Prepaid College Savings Plans Failing

By Staff
September 24, 2009

Various state college savings plans touted as "guaranteed" are now providing less than parents and students expected as a result of skyrocketing tuition and the economic downturn's effect on the market.

According to Blake Fonteney, spokesman for the Tennessee Treasury Department, which runs the state's prepaid college savings plan, states offered "too good of an investment" when they guaranteed to match tuition inflation. He explained to U.S. News & World Report that the price of tuition has risen faster than the rate of inflation and investment returns for the last few years. "The problem," he said," is that it is not sustainable without some changes. Everybody here realizes that."

The Texas Guaranteed Tuition Plan, for example, recently announced plans to reduce the payout it will provide to parents whose children choose not to attend a public college in Texas. Originally, the plan had promised that investors could lock in tuition at about what they paid when enrolling, and the state guaranteed full payment of tuition. Yet beginning November 1, investors who choose to cancel their plans will receive only what they invested minus an administrative fee--amounting to thousands of dollars less than they expected. Students who attend public colleges in Texas, however, will get the full value of their tuition.

"I think we're setting a bad precedent," said state Rep. Marc Veasey, who signed a letter addressed to Texas Comptroller Susan Combs calling on the board to "immediately reconsider its action" regarding slashing refunds to investors. "We need residents of the state to have full faith in what we're doing down in Austin, particularly in these tough economic times," he told the Fort Worth Star-Telegram.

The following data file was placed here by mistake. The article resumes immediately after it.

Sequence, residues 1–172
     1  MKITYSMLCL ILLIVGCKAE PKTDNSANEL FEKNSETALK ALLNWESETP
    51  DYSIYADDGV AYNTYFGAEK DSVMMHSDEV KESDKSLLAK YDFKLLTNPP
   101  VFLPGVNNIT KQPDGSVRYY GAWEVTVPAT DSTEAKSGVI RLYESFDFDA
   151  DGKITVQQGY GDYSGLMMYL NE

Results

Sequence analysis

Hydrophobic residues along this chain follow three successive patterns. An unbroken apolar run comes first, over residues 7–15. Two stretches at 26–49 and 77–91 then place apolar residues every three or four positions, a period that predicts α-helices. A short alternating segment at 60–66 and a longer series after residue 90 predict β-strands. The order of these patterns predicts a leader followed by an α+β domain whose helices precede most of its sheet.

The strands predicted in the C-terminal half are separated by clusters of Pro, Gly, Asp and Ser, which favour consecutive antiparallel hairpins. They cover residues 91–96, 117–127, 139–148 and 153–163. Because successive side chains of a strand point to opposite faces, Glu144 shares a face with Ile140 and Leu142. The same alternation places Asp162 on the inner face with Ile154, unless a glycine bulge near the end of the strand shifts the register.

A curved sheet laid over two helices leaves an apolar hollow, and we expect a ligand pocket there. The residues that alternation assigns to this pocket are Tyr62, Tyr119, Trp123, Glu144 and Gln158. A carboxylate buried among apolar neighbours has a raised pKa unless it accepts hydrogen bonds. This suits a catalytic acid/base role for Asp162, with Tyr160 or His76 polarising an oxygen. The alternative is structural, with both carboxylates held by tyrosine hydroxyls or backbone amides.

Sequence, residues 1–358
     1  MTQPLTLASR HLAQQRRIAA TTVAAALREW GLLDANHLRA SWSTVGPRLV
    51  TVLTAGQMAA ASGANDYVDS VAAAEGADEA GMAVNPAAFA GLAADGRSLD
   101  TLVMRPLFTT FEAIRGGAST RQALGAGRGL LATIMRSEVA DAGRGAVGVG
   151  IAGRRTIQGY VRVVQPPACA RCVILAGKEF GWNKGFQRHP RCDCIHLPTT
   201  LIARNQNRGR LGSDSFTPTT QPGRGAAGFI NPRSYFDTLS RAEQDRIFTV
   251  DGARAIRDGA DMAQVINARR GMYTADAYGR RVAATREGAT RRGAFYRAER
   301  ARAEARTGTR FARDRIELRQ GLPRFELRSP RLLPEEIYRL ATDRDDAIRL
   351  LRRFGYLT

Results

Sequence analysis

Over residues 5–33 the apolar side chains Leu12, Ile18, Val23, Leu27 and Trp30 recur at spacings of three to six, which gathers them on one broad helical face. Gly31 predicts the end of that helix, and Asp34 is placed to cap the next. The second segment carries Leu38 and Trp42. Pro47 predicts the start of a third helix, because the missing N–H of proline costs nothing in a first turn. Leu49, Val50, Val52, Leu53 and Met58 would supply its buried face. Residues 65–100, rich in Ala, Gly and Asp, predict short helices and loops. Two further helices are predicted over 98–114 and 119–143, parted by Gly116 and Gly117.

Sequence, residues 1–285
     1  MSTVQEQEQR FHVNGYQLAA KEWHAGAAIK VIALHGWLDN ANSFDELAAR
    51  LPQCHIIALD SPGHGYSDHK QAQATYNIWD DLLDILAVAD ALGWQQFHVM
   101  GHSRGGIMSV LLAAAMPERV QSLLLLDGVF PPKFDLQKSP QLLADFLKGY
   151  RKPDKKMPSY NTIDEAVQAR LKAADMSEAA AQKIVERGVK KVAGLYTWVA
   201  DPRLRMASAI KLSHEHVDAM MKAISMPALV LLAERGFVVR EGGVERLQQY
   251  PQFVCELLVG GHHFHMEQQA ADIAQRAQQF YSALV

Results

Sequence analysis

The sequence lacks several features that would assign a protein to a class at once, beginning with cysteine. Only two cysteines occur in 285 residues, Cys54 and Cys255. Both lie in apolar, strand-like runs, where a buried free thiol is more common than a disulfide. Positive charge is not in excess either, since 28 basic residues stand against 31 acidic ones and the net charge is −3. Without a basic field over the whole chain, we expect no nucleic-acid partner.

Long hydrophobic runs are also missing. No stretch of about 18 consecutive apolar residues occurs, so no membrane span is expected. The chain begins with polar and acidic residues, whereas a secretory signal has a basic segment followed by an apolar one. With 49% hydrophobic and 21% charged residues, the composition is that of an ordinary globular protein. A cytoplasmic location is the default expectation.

But comptroller spokesman R.J. DeSilva said the board has no choice if it wishes to keep the fund solvent. "The reason behind the rule change has not changed," he said.

Pennsylvania's Guaranteed Savings Plan faces similar woes: U.S. News reports that it is hundreds of millions of dollars short of its obligations for the next 18 years. Recently, the state began imposing premiums as high as 8 percent to investors in an effort to make up the deficit, reports the Pittsburgh Post-Gazette.

The situation has even prompted state Sen. Jeffrey Piccola to propose legislation removing the word "guaranteed" from the college savings plan so as to clarify that the state government is not obligated to bail out the fund.

"There is absolutely no way the taxpayers of this Commonwealth can be responsible for any deficit this program may incur," he told the Post-Gazette.

That sentiment is likely to be echoed in other states facing similar problems with college savings plans. U.S. News reports that Alabama's Prepaid Affordable College Tuition (PACT), for example, has only enough money to meet its promises through 2014. And a recent study found that prepaid plans in Illinois, Maryland and Virginia are only "guaranteed" to request bailouts from their state legislatures if more money is needed--but lawmakers are under no obligation to comply.

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